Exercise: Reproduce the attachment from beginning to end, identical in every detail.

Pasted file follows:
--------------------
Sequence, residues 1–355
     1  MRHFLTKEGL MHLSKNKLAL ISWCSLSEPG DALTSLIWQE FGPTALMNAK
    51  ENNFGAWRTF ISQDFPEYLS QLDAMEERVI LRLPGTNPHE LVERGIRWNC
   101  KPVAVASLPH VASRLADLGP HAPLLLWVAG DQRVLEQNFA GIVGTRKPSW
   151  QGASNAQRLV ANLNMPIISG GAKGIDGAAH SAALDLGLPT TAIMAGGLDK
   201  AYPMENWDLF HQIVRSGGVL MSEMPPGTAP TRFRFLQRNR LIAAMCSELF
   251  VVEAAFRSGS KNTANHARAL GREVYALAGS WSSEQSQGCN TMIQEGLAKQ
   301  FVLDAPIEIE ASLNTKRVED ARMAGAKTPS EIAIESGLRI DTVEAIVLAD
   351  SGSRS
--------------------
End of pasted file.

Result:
Sequence, residues 1–355
     1  MRHFLTKEGL MHLSKNKLAL ISWCSLSEPG DALTSLIWQE FGPTALMNAK
    51  ENNFGAWRTF ISQDFPEYLS QLDAMEERVI LRLPGTNPHE LVERGIRWNC
   101  KPVAVASLPH VASRLADLGP HAPLLLWVAG DQRVLEQNFA GIVGTRKPSW
   151  QGASNAQRLV ANLNMPIISG GAKGIDGAAH SAALDLGLPT TAIMAGGLDK
   201  AYPMENWDLF HQIVRSGGVL MSEMPPGTAP TRFRFLQRNR LIAAMCSELF
   251  VVEAAFRSGS KNTANHARAL GREVYALAGS WSSEQSQGCN TMIQEGLAKQ
   301  FVLDAPIEIE ASLNTKRVED ARMAGAKTPS EIAIESGLRI DTVEAIVLAD
   351  SGSRS